Can an MRD-Adaptive Study Design Help to De-escalate Therapy for Multiple Myeloma?
Posted: Thursday, August 5, 2021
During the 2021 American Society of Clinical Oncology (ASCO) Annual Meeting, Benjamin Avi Derman, MD, of the University of Chicago, Illinois, and colleagues reported the results of their interim analysis of a minimal residual disease (MRD)-adaptive trial of combination therapy with the monoclonal antibody elotuzumab, the proteasome inhibitor carfilzomib, the immunomodulatory agent lenalidomide, and the corticosteroid dexamethasone (Elo-KRd) in patients with newly diagnosed multiple myeloma (Abstract 8011). These investigators met their primary endpoint and observed that when combined, these agents displayed consistent tolerability with the known toxicities of the agents alone.
“With longer follow-up, the study results may validate that a minimal residual disease–adaptive design for de-escalation of therapy in multiple myeloma can generate deep responses while reducing treatment exposure,” the investigators stated.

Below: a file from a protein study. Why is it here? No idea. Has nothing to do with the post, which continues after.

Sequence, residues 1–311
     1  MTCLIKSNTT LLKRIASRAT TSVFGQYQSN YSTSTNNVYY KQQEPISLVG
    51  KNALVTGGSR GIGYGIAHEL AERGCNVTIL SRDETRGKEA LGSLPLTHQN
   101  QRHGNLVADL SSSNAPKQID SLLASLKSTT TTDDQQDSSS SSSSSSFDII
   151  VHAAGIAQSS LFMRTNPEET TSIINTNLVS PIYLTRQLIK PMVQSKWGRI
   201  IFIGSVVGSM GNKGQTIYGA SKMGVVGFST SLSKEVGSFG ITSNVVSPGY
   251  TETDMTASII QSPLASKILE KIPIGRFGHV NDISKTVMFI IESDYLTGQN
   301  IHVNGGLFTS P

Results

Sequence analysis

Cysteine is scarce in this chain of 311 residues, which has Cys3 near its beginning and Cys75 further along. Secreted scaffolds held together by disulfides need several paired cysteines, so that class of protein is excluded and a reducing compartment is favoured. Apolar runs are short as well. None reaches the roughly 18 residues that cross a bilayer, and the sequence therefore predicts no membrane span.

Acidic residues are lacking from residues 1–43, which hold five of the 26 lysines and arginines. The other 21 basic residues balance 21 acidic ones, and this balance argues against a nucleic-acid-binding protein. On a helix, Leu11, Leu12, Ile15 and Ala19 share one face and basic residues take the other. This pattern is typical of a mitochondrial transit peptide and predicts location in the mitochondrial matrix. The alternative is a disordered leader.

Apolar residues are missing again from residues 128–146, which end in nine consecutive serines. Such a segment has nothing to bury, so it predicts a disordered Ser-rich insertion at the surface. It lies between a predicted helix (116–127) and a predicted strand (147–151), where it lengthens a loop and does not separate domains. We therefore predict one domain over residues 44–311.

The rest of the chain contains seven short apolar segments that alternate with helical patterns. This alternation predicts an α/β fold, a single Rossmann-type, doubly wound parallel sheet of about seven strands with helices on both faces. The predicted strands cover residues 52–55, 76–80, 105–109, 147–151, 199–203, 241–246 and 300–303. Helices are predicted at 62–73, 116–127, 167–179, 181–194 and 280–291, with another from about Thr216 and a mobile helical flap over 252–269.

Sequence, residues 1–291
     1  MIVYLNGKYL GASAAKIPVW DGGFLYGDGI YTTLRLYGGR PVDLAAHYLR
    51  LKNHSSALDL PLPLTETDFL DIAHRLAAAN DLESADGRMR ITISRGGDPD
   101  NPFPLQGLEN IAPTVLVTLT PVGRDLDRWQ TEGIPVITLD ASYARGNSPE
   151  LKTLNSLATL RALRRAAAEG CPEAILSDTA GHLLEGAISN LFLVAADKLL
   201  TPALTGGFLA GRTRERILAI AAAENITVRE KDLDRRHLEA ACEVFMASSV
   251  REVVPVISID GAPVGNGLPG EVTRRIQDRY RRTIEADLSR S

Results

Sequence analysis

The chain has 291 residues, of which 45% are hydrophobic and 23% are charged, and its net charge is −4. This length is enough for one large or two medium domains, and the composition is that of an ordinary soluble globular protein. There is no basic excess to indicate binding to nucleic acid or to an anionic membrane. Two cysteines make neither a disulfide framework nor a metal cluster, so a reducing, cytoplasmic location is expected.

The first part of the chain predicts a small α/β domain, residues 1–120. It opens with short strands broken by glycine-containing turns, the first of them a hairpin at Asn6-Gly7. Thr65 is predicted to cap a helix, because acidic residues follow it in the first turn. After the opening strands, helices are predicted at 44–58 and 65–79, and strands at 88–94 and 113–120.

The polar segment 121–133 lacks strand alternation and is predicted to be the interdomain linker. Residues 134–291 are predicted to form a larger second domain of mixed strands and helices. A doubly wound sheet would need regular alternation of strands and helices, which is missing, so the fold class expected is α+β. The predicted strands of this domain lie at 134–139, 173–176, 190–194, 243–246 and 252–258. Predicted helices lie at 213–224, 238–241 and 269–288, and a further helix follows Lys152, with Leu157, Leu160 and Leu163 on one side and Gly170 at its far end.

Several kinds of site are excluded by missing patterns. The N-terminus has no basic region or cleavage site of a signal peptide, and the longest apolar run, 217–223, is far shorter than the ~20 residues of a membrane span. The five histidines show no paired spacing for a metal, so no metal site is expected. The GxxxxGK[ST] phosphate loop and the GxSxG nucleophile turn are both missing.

This phase II study enrolled 44 patients with newly diagnosed multiple myeloma who received 12 cycles of Elo-KRd. Individuals who were eligible for autologous stem cell transplantation were allowed to undergo collection after the fourth cycle and then continue treatment. Participants who converted from MRD positivity to negativity between cycles 8 and 12 were administered 6 additional cycles; patients with MRD positivity after cycle 12 received an additional 12 cycles.
Of the total, 39 patients were evaluable for response. The median patient age was 62, with 23 individuals expressing high-risk cytogenetic abnormalities; 34 patients had trackable MRD. By the end of cycle 8, next-generation sequencing identified a stringent complete response of 58% and/or negative MRD.
The median follow up was 24 months, with an estimated 2-year progression-free survival and 2-year overall survival of 87% and 89%, respectively. There was no disease progression observed in patients who were MRD-negative after cycle 8, including six individuals who had high-risk cytogenetic abnormalities. Treatment-emergent adverse events affected 89% of patients, with serious adverse events being reported in 30 individuals. The most common adverse event was pneumonia (14%), and one patient had a grade 5 myocardial infarction.
Disclosure: Dr. Derman reported no conflicts of interest. For full disclosures of the other study authors, visit coi.asco.org.